In fact, the word “woke” appears nowhere within its pages. Rather, it is a combination memoir and extension of Atlantic columnist Kendi’s towering Stamped From the Beginning (2016) that leads readers through a taxonomy of racist thought to anti-racist action. Never wavering from the thesis introduced in his previous book, that “racism is a powerful collection of racist policies that lead to racial inequity and are substantiated by racist ideas,” the author posits a seemingly simple binary: “Antiracism is a powerful collection of antiracist policies that lead to racial equity and are substantiated by antiracist ideas.” The author, founding director of American University’s Antiracist Research and Policy Center, chronicles how he grew from a childhood steeped in black liberation Christianity to his doctoral studies, identifying and dispelling the layers of racist thought under which he had operated. “Internalized racism,” he writes, “is the real Black on Black Crime.” Kendi methodically examines racism through numerous lenses: power, biology, ethnicity, body, culture, and so forth, all the way to the intersectional constructs of gender racism and queer racism (the only section of the book that feels rushed). Each chapter examines one facet of racism, the authorial camera alternately zooming in on an episode from Kendi’s life that exemplifies it—e.g., as a teen, he wore light-colored contact lenses, wanting “to be Black but…not…to look Black”—and then panning to the history that informs it (the antebellum hierarchy that valued light skin over dark). The author then reframes those received ideas with inexorable logic: “Either racist policy or Black inferiority explains why White people are wealthier, healthier, and more powerful than Black people today.” If Kendi is justifiably hard on America, he’s just as hard on himself. When he began college, “anti-Black racist ideas covered my freshman eyes like my orange contacts.” This unsparing honesty helps readers, both white and people of color, navigate this difficult intellectual territory.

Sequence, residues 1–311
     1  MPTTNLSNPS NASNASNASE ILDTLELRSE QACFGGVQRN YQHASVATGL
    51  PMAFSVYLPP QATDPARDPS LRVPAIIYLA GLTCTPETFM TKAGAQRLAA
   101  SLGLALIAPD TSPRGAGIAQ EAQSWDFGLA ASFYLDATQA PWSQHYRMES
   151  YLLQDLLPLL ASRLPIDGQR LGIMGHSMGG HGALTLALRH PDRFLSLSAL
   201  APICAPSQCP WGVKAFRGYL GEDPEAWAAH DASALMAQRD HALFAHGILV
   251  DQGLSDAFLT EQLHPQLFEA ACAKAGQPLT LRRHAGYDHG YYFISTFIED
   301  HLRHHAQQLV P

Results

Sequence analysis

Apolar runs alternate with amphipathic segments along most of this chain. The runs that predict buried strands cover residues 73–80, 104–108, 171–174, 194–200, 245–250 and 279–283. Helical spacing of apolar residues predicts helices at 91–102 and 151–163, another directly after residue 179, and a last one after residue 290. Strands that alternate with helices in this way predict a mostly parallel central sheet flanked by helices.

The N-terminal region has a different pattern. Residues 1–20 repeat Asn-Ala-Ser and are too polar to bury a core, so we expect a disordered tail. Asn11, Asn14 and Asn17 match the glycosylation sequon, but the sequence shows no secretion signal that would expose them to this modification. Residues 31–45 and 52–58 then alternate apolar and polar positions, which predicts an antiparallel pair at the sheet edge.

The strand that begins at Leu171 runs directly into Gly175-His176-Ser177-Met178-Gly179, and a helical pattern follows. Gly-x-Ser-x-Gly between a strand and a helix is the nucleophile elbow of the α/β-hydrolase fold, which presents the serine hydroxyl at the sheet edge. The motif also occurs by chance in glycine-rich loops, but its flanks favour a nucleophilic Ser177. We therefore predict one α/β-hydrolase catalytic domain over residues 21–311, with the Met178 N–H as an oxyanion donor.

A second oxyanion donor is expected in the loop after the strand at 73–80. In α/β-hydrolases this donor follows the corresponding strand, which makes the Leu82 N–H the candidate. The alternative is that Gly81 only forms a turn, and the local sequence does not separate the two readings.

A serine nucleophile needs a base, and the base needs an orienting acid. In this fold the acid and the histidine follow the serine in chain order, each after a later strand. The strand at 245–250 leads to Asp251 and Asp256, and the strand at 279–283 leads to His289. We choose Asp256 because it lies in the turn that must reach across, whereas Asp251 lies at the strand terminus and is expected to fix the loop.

Not an easy read but an essential one.

Pub Date: Aug. 13, 2019

ISBN: 978-0-525-50928-8

Page Count: 320

Publisher: One World/Random House

Review Posted Online: April 28, 2019

Kirkus Reviews Issue: May 15, 2019

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The author's youthfulness helps to assure the inevitable comparison with the Anne Frank diary although over and above the...

NIGHT

Elie Wiesel spent his early years in a small Transylvanian town as one of four children. 

He was the only one of the family to survive what Francois Maurois, in his introduction, calls the "human holocaust" of the persecution of the Jews, which began with the restrictions, the singularization of the yellow star, the enclosure within the ghetto, and went on to the mass deportations to the ovens of Auschwitz and Buchenwald. There are unforgettable and horrifying scenes here in this spare and sombre memoir of this experience of the hanging of a child, of his first farewell with his father who leaves him an inheritance of a knife and a spoon, and of his last goodbye at Buchenwald his father's corpse is already cold let alone the long months of survival under unconscionable conditions. 

The author's youthfulness helps to assure the inevitable comparison with the Anne Frank diary although over and above the sphere of suffering shared, and in this case extended to the death march itself, there is no spiritual or emotional legacy here to offset any reader reluctance.

Pub Date: Jan. 16, 2006

ISBN: 0374500010

Page Count: 120

Publisher: Hill & Wang

Review Posted Online: Oct. 7, 2011

Kirkus Reviews Issue: Jan. 15, 2006